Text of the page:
Everything but the weather tells us that spring is about to arrive.
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Looking to the months ahead, a slew of SS20 previews tell us what to expect from March all the way through August.
As you update your wardrobe, look to include the following:
Menswear’s gotten a bit lighter – shade wise, that is – but even rich hues and neon shades sport a dusty patina that’s reminiscent of a faded photograph. In short, Spring Summer 2020 is the season where every shade, to some degree, becomes a pastel.
The trick, then, is figuring out how everything fits together, without your look resembling a basket of Easter eggs.
For starters, the most pervasive pastel trend in SS20 is the monochrome suit. It’s a bit Miami, especially when you pair it with lightweight, unlined linen, but there’s also a strong feminine undercurrent, too, especially once you blend it with lace or satin.
On the other hand, monochrome takes the easy way out. Those up for a challenge ought to try color-blocking pastels. Here, though, instead of pairing them with darker neutrals like navy or going light all over, match warm-toned pastel tones, like pink and yellow, to deeper, slightly darker cool ones, like a muted green, blue, or even brown.
Satin in SS20
The material known for its shimmery sheen, soft, lightweight feel, and pajama-like drape took over the runways at SS20 Fashion Week without being especially obtrusive. Rather, the louche-y look – think a half-opened buttoned shirt and a relaxed suit hanging from your frame – is everywhere, and satin fits precisely within that vision.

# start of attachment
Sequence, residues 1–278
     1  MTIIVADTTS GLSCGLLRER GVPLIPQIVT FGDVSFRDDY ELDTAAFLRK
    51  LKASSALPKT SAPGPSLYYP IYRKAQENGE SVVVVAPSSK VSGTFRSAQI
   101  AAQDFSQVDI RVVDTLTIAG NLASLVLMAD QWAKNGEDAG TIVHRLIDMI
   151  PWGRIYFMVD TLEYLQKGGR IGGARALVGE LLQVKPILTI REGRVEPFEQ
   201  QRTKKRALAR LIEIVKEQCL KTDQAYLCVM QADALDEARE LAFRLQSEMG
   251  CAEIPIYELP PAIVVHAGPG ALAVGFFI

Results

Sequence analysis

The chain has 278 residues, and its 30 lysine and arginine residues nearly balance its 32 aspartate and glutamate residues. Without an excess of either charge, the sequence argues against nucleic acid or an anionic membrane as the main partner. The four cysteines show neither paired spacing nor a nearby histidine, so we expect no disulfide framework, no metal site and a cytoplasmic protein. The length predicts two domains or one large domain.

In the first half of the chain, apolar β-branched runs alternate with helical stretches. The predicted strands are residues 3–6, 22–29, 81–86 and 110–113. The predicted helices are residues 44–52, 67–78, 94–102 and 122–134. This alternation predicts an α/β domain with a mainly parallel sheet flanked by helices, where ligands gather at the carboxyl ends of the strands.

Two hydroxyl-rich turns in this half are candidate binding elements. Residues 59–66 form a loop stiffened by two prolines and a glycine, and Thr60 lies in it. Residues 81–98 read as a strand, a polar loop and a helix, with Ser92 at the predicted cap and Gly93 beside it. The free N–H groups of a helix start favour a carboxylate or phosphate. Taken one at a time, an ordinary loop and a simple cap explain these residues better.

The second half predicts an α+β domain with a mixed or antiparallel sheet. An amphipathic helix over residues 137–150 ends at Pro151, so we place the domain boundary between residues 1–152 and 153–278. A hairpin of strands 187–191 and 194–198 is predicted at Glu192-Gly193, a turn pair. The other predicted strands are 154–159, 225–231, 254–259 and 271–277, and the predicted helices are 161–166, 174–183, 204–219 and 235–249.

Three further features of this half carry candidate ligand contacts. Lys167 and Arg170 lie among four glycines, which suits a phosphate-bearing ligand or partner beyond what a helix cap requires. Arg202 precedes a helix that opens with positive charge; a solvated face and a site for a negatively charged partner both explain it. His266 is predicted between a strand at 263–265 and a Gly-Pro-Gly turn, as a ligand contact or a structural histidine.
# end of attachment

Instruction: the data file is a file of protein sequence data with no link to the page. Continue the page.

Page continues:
It’s a slight nod to the late Hugh Hefner, but at the same time, it’s like lounging around in your pajamas. The soft, shiny material, often paired with a pastel shade, further seems like something you’d spot in a Harry Styles video – perhaps paired with high-waist trousers – but leaving all the Gucci allusions aside, you could easily see yourself lounging at home in a two-piece set.
To sum it up, satin made a strong impression, and we’re all wondering, “Why didn’t we wear this before?”
Lots of Pockets
As one of the biggest forces behind this trend, cargo pants are riding the wave of revived late ‘90s and early ‘00s styles.
This time around, however, you’re not getting an extra set of flap pockets on a pair of khakis. Rather, the styles pull from hiking and ravewear – these aren’t the preppy digs you remember, if you’re a certain age – and add pockets simply for the sake of it.
Pants, however, aren’t the only place for a pocket or two. Building upon the momentum of 2018’s safari jacket, they’re anywhere and everywhere, adding utility qualities to garments that otherwise would’ve been seen as fashion and nothing more.
Yet, while the extra pockets present an opportunity to avoid carrying around a bag, you’re not a perpetual tourist. Don’t overstuff them with your personal belongings and expect to look polished.
This trend manifests in a few different forms. For one, designers take it literally and by-the-numbers: slapping a recognizable leopard, zebra, or tiger stripe print all over a garment, and calling it a day.